Sànchez-Vidal added: “we cannot completely know the magnitude of this plastic export to the land.

    However, first estimations reveal that Posidonia balls could catch up to 867 million plastics per year.”

  • Mondi set to revolutionise European paper-based shopping bag market with start-up of new speciality kraft paper machine

    Mondi set to revolutionise European paper-based shopping bag market with start-up of new speciality kraft paper machine

    Mondi’s new paper machine at its Czech mill in Štětí is dedicated to producing 100% recyclable speciality kraft paper for shopping bags using a combination of fresh and recycled fibres to prioritise sustainability without compromising on strength
    The €67 million investment responds to growing consumer preference and legislative change to reduce plastic waste and demonstrates the company's commitment to supporting the circular economy 

  • ‘Goood’ results for Interquell with Mondi’s paper-based FlexiBags: packaging made from renewable materials, reducing plastic and CO2 footprint

    ‘Goood’ results for Interquell with Mondi’s paper-based FlexiBags: packaging made from renewable materials, reducing plastic and CO2 footprint

    Mondi creates sustainable paper-based packaging for Goood, Interquell’s sustainable alternative to organic pet food brands
    By using packaging made from renewable resources, Mondi reduces plastic usage and CO2 footprint with innovative paper-based FlexiBags
    Collaborative approach means Mondi supports Interquell in meeting their sustainability commitments

    15 January 2021 – Mondi, a global leader in packaging and paper, is launching two new paper-based bags for German pet food producer Interquell, delivering both consumer convenience and sustainability benefits.



    100% recyclable corrugate
    Sustainable alternative to single-use plastic
    Complete solution for bottle multi-packs
    Blue Box Partners, the pan-European Alliance of suppliers for corrugated board packaging solutions, has launched ECOGRIP, a corrugated alternative to shrink wrap for the multi-packing of a wide range of bottles that builds on the growing consumer demand for sustainable packaging. 

  • Mondi celebrates eight wins at the 2021 WorldStar Packaging awards

    Mondi celebrates eight wins at the 2021 WorldStar Packaging awards

    12 January 2021 – Mondi, a global leader in sustainable packaging and paper, received eight awards in three categories at this year's WorldStar Packaging awards. In this annual competition of the World Packaging Organisation, judges from 55 countries recognised achievements in packaging innovation and technologies worldwide, with a focus on sustainability, product protection and end-user convenience.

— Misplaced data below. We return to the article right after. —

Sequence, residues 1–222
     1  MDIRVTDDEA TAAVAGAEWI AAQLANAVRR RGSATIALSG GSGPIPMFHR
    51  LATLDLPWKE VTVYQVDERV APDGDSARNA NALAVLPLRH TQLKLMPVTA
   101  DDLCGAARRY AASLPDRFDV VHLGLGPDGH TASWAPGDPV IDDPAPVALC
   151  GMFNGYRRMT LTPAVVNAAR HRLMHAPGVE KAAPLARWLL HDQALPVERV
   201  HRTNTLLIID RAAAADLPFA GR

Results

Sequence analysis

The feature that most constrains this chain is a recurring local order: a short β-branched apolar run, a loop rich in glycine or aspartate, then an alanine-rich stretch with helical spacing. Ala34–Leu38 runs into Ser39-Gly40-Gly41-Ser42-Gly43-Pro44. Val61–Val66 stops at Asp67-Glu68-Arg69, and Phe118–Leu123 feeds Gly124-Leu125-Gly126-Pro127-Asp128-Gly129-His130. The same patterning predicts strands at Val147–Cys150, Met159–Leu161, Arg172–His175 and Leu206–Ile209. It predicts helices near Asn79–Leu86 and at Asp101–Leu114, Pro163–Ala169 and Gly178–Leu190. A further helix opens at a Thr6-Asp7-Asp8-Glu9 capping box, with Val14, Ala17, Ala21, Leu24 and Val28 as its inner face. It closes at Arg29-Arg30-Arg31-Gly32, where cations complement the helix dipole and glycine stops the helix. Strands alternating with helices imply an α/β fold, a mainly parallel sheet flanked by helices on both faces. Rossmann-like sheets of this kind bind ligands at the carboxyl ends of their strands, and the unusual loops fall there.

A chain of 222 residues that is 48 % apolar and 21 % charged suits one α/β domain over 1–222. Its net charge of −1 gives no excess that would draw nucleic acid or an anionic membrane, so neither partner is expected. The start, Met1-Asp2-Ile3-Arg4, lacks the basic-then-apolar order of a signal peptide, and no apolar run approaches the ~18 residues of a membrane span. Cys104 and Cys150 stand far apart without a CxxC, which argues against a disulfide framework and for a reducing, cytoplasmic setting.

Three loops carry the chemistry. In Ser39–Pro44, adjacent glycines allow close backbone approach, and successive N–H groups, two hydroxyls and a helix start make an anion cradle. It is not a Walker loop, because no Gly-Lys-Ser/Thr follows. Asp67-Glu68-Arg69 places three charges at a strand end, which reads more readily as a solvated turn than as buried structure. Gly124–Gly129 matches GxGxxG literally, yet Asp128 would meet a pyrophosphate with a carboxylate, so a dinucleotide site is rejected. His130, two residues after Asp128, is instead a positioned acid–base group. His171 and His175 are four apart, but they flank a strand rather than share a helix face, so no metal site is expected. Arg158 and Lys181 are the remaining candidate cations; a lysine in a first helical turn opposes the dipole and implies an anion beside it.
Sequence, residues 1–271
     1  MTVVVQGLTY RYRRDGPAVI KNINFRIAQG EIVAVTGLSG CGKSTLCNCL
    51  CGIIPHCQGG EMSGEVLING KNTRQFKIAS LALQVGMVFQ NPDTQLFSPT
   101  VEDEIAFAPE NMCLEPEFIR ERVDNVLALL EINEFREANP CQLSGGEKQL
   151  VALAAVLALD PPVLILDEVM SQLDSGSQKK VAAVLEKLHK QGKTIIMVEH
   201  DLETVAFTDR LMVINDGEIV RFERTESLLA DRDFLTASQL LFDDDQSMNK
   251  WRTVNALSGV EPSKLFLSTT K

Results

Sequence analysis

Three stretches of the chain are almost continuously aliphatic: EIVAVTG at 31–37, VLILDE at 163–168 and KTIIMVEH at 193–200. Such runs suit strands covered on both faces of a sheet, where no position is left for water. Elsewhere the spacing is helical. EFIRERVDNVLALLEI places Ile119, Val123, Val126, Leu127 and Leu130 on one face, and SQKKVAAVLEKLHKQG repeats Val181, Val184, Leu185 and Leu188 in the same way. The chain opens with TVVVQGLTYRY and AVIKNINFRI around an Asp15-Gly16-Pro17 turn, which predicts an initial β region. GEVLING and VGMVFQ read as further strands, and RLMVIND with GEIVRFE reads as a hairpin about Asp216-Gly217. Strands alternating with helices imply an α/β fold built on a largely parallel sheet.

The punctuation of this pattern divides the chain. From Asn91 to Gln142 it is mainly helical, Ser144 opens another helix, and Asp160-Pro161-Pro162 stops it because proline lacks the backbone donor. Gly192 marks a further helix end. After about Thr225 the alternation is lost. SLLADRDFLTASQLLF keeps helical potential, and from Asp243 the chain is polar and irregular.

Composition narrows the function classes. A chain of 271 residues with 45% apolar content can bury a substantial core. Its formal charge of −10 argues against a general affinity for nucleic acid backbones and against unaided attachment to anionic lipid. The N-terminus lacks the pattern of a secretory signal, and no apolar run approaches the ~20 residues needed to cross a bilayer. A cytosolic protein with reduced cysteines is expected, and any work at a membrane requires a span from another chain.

• Bundling and packaging matchboxes

    Bundling and packaging matchboxes


    Paper or film bands hold matchboxes and other small boxes securely together and help to reduce packaging material. In an automated packaging line, a banding system certainly also takes over automatic size recognition via sensors, stacking as well as feeding and forwarding, if required

  • What is banding?

    What is banding?


    Do you know the tapes printed with "Action" that bundle several products into multipacks in the supermarket? Or the transparent bands that hold together the different sized goods ordered online in the shipping carton? Do you take all the information about zucchinis, bananas or apples in cardboard trays that you buy in the vegetable section at retail from printed bands? Are you familiar with the bands that hold together stacked printed items, cardboard or corrugated cardboard in such a way that the edges of the fragile products are not damaged? Or have you ever bought convenience food or other products where a double-side printed band up to 100 mm wide, for example, holds a tray packaging securely together and at the same time takes care of all the communication around the product? That - and much more - is banding.

    How banding works
    In banding, a band of paper or film up to 100 mm wide is placed around one or more products by a banding machine and welded with the use of a sonotrode with ultra-sonic technology or, in fewer cases, with a hot wedge. Glue or other adhesives are not used. The continuously adjustable tension of the band varies depending on the properties of the product or application. It reacts to the resistance of the product to be banded. For soft and fragile products, the band tension is alternatively controlled by a fixed length or soft length. Also possible: Sensors measure the product to be banded and automatically adjust the band length. This variant is used, for example, when banding mail packages of different sizes that are fed to the banding machine by a conveyor belt (end-of-line automation).